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Russia's Information

Flag of Russia
Land Area 16,377,742 km2
Water Area 720,500 km2
Total Area 17,098,242 km2
Population 142,355,415
Population Density 8.33 / km2
Government Type Semi-Presidential Federation
GDP (PPP) $3,750.00 Billion
GDP Per Capita $26,100
Currency Ruble (RUB)
Largest Cities
  • Moscow (10,381,222)
  • Saint Petersburg (5,028,000)
  • Novosibirsk (1,419,007)
  • Yekaterinburg (1,349,772)
  • Nizhniy Novgorod (1,284,164)
  • Samara (1,134,730)
  • Omsk (1,129,281)
  • Kazan (1,104,738)
  • Rostov-na-Donu (1,074,482)
  • Chelyabinsk (1,062,919)

Russia, the world's largest country, obviously defies a "brief description," as it covers 9 time zones, all climate zones except tropical, with land that stretches almost halfway around the planet and a population of 138,082,178.

In fact, by jet from Moscow, it takes about eight hours to reach Vladivostok on the Pacific Ocean coast. If you were to take the trip on the Trans-Siberian Railroad, you can count on your journey taking at least 4 days minimum.

Russia has over 1,000 major cities, 16 of which have a metro population of more than one million; the most populated cities are Moscow, St. Petersburg, Novosibirsk, Yekaterinburg and Nizhny Novgorod.

Moscow, the capital, with over 12 million (metro) residents, is the country's major economic and political center - the seat of the President, the government and the State Duma.

The Russian landmass west of the Ural Mountains (shown above in a lighter shade of grey) is referred to as European Russia by most educational atlases and geography experts. It is not a separate country, but rather called that because of its political, cultural and geographical blendings with Europe.

A Brief History of Russia

Historically, Russia was occupied by Mongols, and the likes, for centuries. Early Russian ancestors belonged to Slavic tribes, and by the mid-9th century vikings arrived. The vikings moved across the vast landscape, utilizing the many waterways, and maintained trade along the way.

Eventually, the Norse peoples merged with the Slavic population, absorbing Greek Christian influences as well, and then, in the mid-1200s the Mongols arrived.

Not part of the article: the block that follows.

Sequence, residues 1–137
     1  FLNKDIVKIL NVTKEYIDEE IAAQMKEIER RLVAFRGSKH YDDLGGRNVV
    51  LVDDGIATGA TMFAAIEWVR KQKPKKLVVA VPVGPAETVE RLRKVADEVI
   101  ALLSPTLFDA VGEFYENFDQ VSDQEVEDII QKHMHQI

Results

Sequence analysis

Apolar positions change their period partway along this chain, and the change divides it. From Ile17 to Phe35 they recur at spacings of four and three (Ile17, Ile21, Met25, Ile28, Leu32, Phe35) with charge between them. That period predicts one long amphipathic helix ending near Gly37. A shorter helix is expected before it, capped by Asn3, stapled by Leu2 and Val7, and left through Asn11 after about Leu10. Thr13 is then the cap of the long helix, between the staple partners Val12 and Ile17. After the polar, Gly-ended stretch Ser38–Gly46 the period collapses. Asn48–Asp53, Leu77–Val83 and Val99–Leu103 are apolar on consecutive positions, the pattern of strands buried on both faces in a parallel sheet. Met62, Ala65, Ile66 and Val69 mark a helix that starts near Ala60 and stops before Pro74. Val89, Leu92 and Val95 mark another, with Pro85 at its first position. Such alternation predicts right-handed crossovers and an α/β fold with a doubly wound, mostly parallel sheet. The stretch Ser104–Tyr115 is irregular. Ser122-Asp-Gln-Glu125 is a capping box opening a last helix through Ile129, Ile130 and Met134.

The impact of the Mongol invasion, at best, was uneven - older cities never completely recovered from the destruction, while the new cities of Moscow, Tver and Nizhny Novgorod began to fight for power amidst the Mongol-dominated land.

The Mongols began to falter by the middle of the 14th century, and, upon their eventual collapse, Moscow's leadership began to expand outward. The influence of the Mongols in terms of military tactics and transportation remained with the Russian peoples, and in the 15th century Ivan III (Ivan the Great) organized the foundation for a Russian national state.

Ivan IV emerged in 1547 as a powerful, autocratic ruler - giving himself the title of "Tsar" - he was known for his ruthlessness, and strengthened the position of the monarch to an unparalleled degree.

Cohorts of Ivan IV executed a series of bloody battles, and, coupled with additional epidemics and poor harvests plaguing the country, Russia became severely weakened in the late 1500s.

Following the death of Ivan IV, troubled times prevailed across Russia, as extremely cold summers led to a famine and civil wars broke out across the country. Further adding to their misfortune, on September 21, 1610 Poland invaded Moscow, savagely repressing riots, and setting the city on fire.

Romanov Influence

A volunteer army, led by Kuzma Minin and Dmitry Pozharsky, pushed out the Polish forces in 1612, and the following year Michael Romanov was elected to the throne (thus beginning the 300 year control of the Romanov family).

Czar Peter I brought autocracy into Russia, and really began the transformation of the Russian Empire. After the reign of Queen Catherine II, it emerged as an influential and powerful European force.